Information about participating in the study or learning more about it can be obtained at advancestudy.org.

Continue Reading

AIDS and HIV

Peacock will premiere HIV documentary on World AIDS Day

Drew, who was diagnosed with HIV in the late 1980’s when he was only 23 years old, was not paid for his participation in the trial

Published

on

Right to Try (2021) Peacock/NBCUniversal Television and Streaming

NEW YORK — NBCUniversal’s streaming service Peacock will premiere the documentary short “Right to Try,” which explores one man’s search to cure his HIV, Wednesday on World AIDS Day. 

The film, produced by Oscar-winning actress Octavia Spencer and directed by “The Late Late Show With James Corden” producer Zeberiah Newman, follows HIV survivor and activist Jeffrey Drew’s participation in an experimental vaccine trial. 

“We are thrilled our film ‘Right to Try’ will be seen on Peacock. Though Jeffrey Drew’s heroic journey is singular, his story is universal,” Spencer said in a statement, according to Variety. “This is an important film and with Peacock we have a wonderful partner to bring it to our audience.”

Val Boreland, EVP of content acquisitions at NBCUniversal Television and Streaming, added: “It is an honor to share Drew’s story with Peacock users and raise awareness around the important issue of HIV research. We know the impact of this documentary will be far-reaching.”

The documentary shows the side effects that Drew experienced during the early days of the trial. The coronavirus pandemic interrupted the study, as the doctor spearheading the experimental vaccine started working on the COVID-19 vaccine.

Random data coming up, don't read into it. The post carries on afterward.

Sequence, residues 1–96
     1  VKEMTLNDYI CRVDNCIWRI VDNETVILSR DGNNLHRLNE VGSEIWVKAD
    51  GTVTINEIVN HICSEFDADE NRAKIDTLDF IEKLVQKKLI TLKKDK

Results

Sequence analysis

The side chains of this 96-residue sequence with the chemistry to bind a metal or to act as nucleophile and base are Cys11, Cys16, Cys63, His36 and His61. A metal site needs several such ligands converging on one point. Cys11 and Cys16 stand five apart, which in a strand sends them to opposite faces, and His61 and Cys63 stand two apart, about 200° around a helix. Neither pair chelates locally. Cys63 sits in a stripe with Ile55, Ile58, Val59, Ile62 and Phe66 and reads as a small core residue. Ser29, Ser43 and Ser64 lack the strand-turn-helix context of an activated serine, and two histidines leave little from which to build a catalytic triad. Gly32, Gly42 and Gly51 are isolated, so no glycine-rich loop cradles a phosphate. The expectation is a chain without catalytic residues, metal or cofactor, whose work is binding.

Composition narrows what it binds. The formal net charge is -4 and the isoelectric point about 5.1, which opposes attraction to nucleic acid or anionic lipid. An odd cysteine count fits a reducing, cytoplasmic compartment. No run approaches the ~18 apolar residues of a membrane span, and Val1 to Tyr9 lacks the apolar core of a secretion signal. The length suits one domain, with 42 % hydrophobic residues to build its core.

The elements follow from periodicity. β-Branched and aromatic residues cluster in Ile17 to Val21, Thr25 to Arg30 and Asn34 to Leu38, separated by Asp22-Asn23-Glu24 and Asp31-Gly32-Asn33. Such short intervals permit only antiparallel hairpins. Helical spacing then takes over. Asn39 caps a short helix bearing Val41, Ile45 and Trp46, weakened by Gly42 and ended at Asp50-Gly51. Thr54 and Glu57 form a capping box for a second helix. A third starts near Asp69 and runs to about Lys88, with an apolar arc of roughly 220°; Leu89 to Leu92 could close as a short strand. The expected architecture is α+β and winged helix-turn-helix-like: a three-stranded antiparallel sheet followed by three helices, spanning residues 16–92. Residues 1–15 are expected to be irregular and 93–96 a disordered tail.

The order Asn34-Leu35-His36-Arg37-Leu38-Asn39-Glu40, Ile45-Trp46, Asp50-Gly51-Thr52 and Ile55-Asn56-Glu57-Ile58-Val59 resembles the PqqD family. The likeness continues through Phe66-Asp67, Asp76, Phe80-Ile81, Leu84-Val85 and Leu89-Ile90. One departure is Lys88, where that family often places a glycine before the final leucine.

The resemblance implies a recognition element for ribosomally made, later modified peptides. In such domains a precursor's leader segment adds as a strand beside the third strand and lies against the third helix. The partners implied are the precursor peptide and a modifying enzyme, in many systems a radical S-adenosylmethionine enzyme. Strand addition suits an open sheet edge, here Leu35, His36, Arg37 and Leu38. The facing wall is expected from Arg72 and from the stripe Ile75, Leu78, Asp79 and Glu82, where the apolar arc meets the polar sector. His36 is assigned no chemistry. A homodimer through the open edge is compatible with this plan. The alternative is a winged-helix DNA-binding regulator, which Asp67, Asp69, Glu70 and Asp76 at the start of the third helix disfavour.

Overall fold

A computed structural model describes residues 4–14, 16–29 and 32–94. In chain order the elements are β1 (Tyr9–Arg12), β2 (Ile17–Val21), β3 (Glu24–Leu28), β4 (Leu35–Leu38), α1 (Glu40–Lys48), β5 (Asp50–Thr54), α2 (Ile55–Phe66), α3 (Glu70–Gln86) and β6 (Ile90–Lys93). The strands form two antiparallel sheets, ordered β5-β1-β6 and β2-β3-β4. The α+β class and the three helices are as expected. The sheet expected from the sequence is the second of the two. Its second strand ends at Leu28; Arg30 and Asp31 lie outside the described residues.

Drew, who was diagnosed with HIV in the late 1980’s when he was only 23 years old, was not paid for his participation in the trial that a major pharmaceutical company did not fund. 

“There are people who are still getting infected and sick and dying,” he told Variety in a June interview. “I would love to see a generation that doesn’t have to think or worry about this anymore.”
“Right to Try” won the Audience Award for Documentary Short last summer at Outfest, an LGBTQ+ film festival in Los Angeles.

Continue Reading

AIDS and HIV

Los Angeles observes World AIDS Day with star-studded concert

Gay Men’s Chorus of Los Angeles and Juan Pablo di Pace will also be performing at the ceremony

Published

on

LOS ANGELES — As World AIDS Day is recognized around the globe, Los Angeles will mark the day with a free concert with a star-studded line-up at The Forum hosted by the AIDS Healthcare Foundation (AFA) and a ceremony at The Wall Las Memorias (TWLA) AIDS Monument in Lincoln Park Wednesday.

In a press release, the AFA said Grammy award winners Jennifer Hudson and Christina Aguilera are set to perform in front of a sold-out crowd. Emmy-nominated comedian Randy Rainbow will host the event, which will take place from 8:00 p.m. to 10:00 p.m.

In addition to the entertainment, the AFA will honor Vermont’s U.S. Sen. Bernie Sanders with a Lifetime Achievement Award and a special video presentation. The award will be accepted by his wife Jane Sanders.

“This year marks two significant milestones in the decades-long fight against HIV and AIDS: first, for the first recognition by the CDC of the virus that led to what is now known as AIDS (40 years ago, in June 1981), and second, the launch of AHF (35 years ago),” the release reads. 

TWLA’s ceremony will reveal an expanded footprint of the surrounding landscape of the country’s only publicly funded AIDS monument. The monument, created in 2004, will also add over 1,000 names of loved ones lost to AIDS to the 360-plus names already etched into it and unveil new artwork. 

TWLM Founder Richard Zaldivar, Los Angeles City Councilman Gil Cedillo and County Board of Supervisors Chair Hilda Solis are all expected to attend the event, which will start at 6:15 p.m. at 3600 N. Mission Road. According to NBC 4 Los Angeles, organizers also hope Los Angeles Mayor Eric Garcetti will be in attendance. 

Gay Men’s Chorus of Los Angeles and Juan Pablo di Pace will also be performing at the ceremony. 

World AIDS Day is observed every December 1 to raise awareness about AIDS and honor the people who have died of the disease. This year’s theme is “End inequities. End AIDS and End Pandemics.”

Continue Reading
Advertisement
Advertisement

Follow Us @LosAngelesBlade

Sign Up for Blade eBlasts

Popular